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Friday
Sep192014

"WWOOFERS" - Yeah Right!

There is an interesting phenomena that has crept into the country under the radar, not to put too fine a point on it! This relates to the wonderful world of Willing Workers On Organic Farms - commonly known as Wwoofers. 

It all appears very innocent on the surface, and wonderful way for people (with an interest in organics in particular) to meet, work, socialise, travel and generally get to share interests in common while travelling round the country. It relates in the main to like minded youngsters who get to see the country by staying a day or two, and helping out organic growers in return for accommodation, meals, and possibly a little monetary remuneration, though that appears to be the exception to the rule.

Stories abound on the net about how enriching and fulfilling is the experience of travelling round the country in this manner. And here is the relevant WWOOFER website: It outlines two categories of 'host':

WWOOF hosts

WWOOF hosts are organic farmers and growers. They enjoy passing on their knowledge of sustainable and organic practices. Volunteering with a WWOOF host is about helping on an organic property and learning and experiencing organic and biodynamic farming and gardening. As a host you are improving communication and helping grow the organic movement!

Cultural Exchange hosts

Cultural Exchange hosts offer social, humanitarian and conservation experiences that fall outside organic growing practices. They may include activities such as help in conservation, building projects, crafts, animal care or sustainable tourism.

On the face of it, this arrangement appears to be of advantage to both sides of the deal, but there is no indication on the website just how these host arrangements are managed, or supervised. This may be perfectly acceptable, but as we all know, there are people out there who will take advantage of any situation loose enough to allow them to avoid their responsibilities as employers, and it is the second category in particular that concerns me. And I don't see any mention of the hospitality industry there.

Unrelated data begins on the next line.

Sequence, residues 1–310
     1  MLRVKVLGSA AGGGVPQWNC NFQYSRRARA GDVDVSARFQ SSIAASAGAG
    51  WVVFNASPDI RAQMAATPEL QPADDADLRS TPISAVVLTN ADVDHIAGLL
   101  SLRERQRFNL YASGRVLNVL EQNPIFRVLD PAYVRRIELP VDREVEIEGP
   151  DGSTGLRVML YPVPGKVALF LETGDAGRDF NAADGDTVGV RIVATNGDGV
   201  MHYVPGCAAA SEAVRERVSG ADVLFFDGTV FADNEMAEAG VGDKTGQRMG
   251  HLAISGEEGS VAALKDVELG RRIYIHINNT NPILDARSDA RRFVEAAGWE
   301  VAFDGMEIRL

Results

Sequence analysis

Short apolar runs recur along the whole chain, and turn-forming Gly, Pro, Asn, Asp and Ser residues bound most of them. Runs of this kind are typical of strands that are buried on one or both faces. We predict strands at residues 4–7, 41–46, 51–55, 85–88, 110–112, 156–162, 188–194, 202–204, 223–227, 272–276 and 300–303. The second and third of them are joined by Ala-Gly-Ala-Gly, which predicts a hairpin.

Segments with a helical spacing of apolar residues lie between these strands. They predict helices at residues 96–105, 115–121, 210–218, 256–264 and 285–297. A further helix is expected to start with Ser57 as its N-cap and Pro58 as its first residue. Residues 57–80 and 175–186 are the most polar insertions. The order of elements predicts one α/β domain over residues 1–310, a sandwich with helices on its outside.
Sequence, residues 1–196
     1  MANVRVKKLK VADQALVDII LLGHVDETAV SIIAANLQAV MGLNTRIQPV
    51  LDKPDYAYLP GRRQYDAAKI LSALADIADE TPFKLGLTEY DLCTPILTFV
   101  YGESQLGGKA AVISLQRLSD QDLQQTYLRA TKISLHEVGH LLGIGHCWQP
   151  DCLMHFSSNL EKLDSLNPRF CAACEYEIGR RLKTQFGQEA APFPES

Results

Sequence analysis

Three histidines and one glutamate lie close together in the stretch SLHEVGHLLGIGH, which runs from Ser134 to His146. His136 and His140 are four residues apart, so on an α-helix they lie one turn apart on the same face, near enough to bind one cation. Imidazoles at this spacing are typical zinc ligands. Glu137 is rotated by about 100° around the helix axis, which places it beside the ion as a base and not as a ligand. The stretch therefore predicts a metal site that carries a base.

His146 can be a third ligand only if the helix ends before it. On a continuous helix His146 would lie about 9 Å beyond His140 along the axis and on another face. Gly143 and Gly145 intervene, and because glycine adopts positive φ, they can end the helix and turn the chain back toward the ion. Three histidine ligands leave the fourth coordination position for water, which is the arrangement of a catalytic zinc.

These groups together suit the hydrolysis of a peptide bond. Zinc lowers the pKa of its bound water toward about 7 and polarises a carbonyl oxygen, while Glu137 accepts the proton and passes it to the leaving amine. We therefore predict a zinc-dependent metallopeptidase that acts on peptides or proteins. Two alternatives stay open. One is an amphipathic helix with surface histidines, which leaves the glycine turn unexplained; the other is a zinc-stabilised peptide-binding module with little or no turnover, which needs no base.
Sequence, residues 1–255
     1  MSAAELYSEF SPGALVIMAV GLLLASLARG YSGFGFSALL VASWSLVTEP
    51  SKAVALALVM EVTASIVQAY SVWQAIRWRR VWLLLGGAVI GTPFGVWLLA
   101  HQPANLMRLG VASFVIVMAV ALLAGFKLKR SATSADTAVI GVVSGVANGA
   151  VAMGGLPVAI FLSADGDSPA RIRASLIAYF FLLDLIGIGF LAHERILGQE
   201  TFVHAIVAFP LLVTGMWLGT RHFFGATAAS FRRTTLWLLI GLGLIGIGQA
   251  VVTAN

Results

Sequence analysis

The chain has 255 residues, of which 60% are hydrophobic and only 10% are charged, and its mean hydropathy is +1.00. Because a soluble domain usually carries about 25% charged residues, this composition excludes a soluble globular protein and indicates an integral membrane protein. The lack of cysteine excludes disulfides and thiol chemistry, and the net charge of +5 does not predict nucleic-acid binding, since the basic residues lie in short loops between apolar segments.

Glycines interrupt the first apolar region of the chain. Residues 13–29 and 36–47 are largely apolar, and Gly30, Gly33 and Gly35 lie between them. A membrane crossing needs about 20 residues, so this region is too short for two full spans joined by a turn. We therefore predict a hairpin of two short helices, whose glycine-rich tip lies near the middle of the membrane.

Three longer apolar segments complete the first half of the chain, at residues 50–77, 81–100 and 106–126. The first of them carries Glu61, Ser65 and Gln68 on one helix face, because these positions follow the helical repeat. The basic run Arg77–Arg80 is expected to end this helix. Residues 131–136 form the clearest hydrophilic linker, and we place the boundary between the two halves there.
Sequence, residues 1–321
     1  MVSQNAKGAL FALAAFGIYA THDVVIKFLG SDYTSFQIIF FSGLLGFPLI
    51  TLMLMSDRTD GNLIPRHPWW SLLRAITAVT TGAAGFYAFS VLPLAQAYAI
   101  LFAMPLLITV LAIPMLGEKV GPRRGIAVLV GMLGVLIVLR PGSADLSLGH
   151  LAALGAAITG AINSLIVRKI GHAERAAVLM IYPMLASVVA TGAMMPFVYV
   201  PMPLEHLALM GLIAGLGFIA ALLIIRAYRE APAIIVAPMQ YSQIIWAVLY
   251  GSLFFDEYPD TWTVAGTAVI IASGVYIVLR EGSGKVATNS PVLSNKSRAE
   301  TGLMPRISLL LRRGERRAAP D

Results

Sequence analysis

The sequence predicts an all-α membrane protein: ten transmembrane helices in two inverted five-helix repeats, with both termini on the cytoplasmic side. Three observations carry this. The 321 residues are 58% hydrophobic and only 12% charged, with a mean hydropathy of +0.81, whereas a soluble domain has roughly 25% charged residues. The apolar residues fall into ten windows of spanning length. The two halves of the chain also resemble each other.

What is happening right under our eyes is the insidious penetration of unpaid workers into sections of the hospitality industry in particular under this innocuous guise of ‘organic gardening.’ Whether our Department of Employment is even aware of this trend is moot, but it is essential that it be stopped in its tracks right now before it is too late to do anything about it.

It appears that there are literally thousands of jobs throughout the country that have been taken by unpaid workers for up to three months at a time – often working shifts in bars, restaurants, cafes, hotels and other venues where they are displacing New Zealanders who may otherwise be working full or part-time, often in order to secure some income while studying. But that may just be the tip of the ice-berg.

It has even been reported that this is what is happening right here and now on the Peninsula, along with just about every else on the map where tourists and young people in particular like to gather, and quite possibly many other areas as well. This has been brought to my attention following my earlier post regarding foreigners working here on short term permits, and occupying large sections of New Zealand rural industries in particular - at least that is visible, and regulated. 

There are reportedly over 20 such establishments in and around the north of the Peninsula where these conditions exist, and where so-called ‘Wwoofers’ are being used in this manner. It is reported that one employer in Queenstown uses this labour double shift, eight at a time on three month cycles. Imagine what that little rort does to his balance sheet!

Unscrupulous employers are literally securing ‘willing’ workers in nothing short of slave-like conditions in return for providing a modicum of cheap accommodation, and it is reported often expired or surplus food. It is simply not acceptable to say that there is nothing wrong – ‘willing buyer and seller,’ as is the justification often used.   

Who is watching this situation develop, or more important doing anything about it? Have you heard of any examples that you can add? – they should be reported without delay to your local Department, or better still - Scott Simpson. If something is not done to prevent this new development, the entire tourism industry will be tainted, particularly as others join in in order to compete with those who already employ unpaid labour in this manner.

This post should not for one second be interpreted as a criticism of the “Wwoofer’ concept, or industries where seasonal outdoor labour is in short supply, and in particular where the concept of people working for short periods on ‘organic’ farms obviously has a virtuous motive and mutual advantage.

Such is not the case in this replaciment ng Kiwi workers under the guise of "cultural exchange" in the hospitality industry through the application of slack entry rules. Sometimes unscrupulous employers will drive a horse and cart through any loophole in the law, and this surely appears one such case. 

 

 


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